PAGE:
In May 2017, you can buy my first book. I’m immensely proud of it, and, having spent nearly a year immersed in all things food and Queen Victoria, I’m a tad overly excited about – eventually – getting my hands on a copy. Part culinary-biography, part-gastronomic exploration, it looks both at Victoria’s life through her food, and also at the impact that feeding her had on the people and buildings around her.
You can pre-order it on Kindle now, but, for the full technicolour glory of it, the hardback comes out on May 18th – but you can pre-order it from mid-December.
Please support your local lovely independent bookshop where possible, but otherwise you can go to the Waterstones website to pre-order (and Amazon, but while we all do it, it’s not nice to talk about it).
Here’s the official blurb and a glimpse at the front cover.
Bursting with original research, Annie Gray's first book sits down at the royal table and opens the kitchen door to tell the story of what Victoria ate, and how she changed English food forever
In the 19th century, a revolution took place in how we ate - from the highest table in the land to the most humble. Annie Gray's book is both a biography of Britain's most iconic monarch, and a look at the changing nature of cooking and eating in the Victorian era.
From her early years living on milk and bread under the Kensington system, to her constant indigestion and belligerent over-eating as an elderly woman, her diet will be examined, likes and dislikes charted, and the opinions of those around her considered. More than that, though, this book will take a proper look below stairs. Victoria was surrounded by servants, from ladies-in-waiting, to secretaries, dressers and coachmen. But there was another category of servant, more fundamental, and yet at the same time more completely hidden: her cooks.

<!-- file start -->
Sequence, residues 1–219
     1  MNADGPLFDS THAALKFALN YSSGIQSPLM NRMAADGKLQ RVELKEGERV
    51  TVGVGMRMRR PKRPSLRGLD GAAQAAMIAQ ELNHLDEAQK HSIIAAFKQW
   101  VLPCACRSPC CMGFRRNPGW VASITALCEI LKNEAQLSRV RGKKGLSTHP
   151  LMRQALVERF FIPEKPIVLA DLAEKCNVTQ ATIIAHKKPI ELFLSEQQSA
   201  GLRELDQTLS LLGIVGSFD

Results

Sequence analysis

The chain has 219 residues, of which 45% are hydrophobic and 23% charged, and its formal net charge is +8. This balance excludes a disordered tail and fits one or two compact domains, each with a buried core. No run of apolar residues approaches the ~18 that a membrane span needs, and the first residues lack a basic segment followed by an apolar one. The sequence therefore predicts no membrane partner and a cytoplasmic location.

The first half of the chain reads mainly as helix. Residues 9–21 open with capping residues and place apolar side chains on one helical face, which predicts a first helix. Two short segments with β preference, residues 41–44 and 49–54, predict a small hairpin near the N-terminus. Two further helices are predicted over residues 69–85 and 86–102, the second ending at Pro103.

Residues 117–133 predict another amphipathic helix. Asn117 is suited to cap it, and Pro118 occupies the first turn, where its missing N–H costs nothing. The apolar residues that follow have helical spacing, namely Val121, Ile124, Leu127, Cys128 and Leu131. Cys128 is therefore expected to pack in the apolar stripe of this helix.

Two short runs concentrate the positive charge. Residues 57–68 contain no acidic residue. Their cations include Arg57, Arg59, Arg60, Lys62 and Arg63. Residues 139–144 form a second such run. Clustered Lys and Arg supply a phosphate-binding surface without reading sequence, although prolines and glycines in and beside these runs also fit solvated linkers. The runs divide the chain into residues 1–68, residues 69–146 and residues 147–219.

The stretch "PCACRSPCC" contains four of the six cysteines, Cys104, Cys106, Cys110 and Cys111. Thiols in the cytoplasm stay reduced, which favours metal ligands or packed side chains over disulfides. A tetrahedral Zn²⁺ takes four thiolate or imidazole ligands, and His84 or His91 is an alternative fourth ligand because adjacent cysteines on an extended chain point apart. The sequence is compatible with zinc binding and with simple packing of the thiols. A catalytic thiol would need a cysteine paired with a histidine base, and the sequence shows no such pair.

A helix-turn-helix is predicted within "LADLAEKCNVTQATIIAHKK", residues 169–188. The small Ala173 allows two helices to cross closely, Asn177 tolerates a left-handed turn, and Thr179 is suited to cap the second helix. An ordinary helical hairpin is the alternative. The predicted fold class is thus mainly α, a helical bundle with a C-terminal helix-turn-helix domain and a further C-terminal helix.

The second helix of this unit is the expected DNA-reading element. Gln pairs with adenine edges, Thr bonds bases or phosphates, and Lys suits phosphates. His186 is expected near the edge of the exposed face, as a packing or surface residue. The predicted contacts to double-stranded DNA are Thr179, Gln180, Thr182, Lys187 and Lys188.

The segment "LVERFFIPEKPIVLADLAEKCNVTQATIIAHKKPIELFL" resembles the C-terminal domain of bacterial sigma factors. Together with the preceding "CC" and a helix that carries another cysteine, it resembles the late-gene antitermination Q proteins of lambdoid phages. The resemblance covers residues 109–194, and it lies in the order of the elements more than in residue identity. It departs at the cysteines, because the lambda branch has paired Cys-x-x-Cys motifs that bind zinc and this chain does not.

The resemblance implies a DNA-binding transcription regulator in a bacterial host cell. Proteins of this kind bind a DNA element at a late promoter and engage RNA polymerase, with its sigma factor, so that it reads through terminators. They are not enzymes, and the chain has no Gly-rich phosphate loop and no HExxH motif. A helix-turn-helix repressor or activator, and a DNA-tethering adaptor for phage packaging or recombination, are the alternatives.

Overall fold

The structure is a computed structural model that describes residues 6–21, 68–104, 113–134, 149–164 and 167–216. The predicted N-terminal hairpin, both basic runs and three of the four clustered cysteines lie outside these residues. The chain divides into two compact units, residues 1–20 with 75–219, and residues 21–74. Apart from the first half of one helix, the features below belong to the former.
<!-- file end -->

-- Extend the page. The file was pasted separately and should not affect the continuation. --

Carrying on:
From her greed to her selfishness at the table, her indigestion and her absolute reliance on food as a lifelong companion, with her when so many others either died or were forced away by political factors, Victoria had a huge impact on the way we all eat today. Annie Gray gives us a new perspective on Britain's longest reigning monarch, viewing her through the one thing more dear to her than almost anything else: her stomach.
Annie Gray is an historian, cook, broadcaster and writer specialising in the history of food and dining in Britain from around 1600 to the present day, conducting her research both in libraries and in kitchens. She has worked at Audley End amongst other historical kitchens, and gives lectures all over the country. She lives in East Anglia.